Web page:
Thursday 18 April 1667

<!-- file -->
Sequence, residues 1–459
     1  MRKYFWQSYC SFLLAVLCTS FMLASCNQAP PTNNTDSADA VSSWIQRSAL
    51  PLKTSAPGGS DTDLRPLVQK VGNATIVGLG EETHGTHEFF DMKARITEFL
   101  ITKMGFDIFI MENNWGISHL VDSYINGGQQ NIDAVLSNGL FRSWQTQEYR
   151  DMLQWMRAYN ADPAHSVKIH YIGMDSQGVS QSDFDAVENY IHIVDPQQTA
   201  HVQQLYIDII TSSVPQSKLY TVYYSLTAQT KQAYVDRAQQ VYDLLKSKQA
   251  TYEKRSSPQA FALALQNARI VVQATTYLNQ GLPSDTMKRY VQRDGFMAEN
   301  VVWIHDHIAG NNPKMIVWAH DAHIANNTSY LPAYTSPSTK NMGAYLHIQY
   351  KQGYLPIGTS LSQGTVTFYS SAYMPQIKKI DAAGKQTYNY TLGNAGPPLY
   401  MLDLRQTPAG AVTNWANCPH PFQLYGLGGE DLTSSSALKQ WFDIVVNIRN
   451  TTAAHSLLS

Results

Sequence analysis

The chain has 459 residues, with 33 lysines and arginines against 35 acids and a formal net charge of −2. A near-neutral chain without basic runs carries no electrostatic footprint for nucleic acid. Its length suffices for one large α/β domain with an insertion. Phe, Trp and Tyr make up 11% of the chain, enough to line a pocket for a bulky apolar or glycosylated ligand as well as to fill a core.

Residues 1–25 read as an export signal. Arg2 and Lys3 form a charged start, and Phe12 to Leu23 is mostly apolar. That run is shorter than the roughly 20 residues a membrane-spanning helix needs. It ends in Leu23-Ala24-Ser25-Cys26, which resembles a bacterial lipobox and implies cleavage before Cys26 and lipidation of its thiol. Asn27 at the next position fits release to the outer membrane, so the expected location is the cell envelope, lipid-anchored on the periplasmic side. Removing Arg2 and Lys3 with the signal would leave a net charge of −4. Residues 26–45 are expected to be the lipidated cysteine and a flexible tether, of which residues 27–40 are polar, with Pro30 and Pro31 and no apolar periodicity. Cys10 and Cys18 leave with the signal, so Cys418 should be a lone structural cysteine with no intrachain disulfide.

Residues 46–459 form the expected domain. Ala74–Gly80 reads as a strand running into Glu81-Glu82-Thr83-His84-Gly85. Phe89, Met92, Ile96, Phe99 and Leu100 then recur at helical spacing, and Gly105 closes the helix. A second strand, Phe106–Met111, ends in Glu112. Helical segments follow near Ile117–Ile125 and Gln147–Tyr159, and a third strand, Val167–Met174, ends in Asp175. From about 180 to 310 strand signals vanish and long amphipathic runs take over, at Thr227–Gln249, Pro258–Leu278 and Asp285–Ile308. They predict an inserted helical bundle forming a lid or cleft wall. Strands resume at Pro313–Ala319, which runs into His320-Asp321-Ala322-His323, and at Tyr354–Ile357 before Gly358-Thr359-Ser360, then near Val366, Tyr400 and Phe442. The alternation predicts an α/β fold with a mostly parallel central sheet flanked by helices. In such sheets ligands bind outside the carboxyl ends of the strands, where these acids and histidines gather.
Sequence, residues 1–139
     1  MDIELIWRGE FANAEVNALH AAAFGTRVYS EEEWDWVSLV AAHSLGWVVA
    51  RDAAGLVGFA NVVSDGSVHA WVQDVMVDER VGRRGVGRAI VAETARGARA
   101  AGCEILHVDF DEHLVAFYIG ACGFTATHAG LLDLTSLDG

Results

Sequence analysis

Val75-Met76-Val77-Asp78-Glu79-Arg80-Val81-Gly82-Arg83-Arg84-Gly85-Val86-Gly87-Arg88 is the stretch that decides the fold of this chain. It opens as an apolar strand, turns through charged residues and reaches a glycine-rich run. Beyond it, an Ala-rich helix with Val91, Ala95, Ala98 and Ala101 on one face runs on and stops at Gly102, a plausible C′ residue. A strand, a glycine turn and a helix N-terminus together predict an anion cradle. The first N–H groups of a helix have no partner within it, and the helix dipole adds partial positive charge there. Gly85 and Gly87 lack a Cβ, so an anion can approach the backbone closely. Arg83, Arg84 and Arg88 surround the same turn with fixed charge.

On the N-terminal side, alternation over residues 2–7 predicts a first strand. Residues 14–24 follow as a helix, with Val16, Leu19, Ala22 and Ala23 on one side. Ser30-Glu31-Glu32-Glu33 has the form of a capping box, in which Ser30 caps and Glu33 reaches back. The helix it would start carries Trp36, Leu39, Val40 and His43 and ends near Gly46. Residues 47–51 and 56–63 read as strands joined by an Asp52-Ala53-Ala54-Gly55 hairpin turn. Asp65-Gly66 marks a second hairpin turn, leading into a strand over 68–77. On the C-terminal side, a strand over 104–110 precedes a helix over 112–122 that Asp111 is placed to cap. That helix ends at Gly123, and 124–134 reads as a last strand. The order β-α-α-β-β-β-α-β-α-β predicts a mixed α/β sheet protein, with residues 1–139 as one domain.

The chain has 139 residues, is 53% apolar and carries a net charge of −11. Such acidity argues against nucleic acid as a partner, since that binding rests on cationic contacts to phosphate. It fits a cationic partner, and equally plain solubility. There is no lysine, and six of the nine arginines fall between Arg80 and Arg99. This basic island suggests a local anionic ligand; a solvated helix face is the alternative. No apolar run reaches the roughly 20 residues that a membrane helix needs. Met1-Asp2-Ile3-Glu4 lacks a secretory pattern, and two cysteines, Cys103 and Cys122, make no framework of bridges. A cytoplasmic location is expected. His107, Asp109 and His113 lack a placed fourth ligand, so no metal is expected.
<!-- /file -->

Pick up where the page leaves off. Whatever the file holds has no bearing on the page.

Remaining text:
Up, and to read more in the “Origines,” and then to the office, where the news is strong that not only the Dutch cannot set out a fleete this year, but that the French will not, and that he hath given the answer to the Dutch Embassador, saying that he is for the King of England’s, having an honourable peace, which, if true, is the best news we have had a good while. At the office all the morning, and there pleased with the little pretty Deptford woman I have wished for long, and she hath occasion given her to come again to me. After office I to the ’Change a little, and then home and to dinner, and then by coach with my wife to the Duke of York’s house, and there saw “The Wits,” a play I formerly loved, and is now corrected and enlarged: but, though I like the acting, yet I like not much in the play now. The Duke of York and [Sir] W. Coventry gone to Portsmouth, makes me thus to go to plays. So home, and to the office a little and then home, where I find Goodgroome, and he and I did sing several things over, and tried two or three grace parts in Playford’s new book, my wife pleasing me in singing her part of the things she knew, which is a comfort to my very heart. So he being gone we to supper and to bed.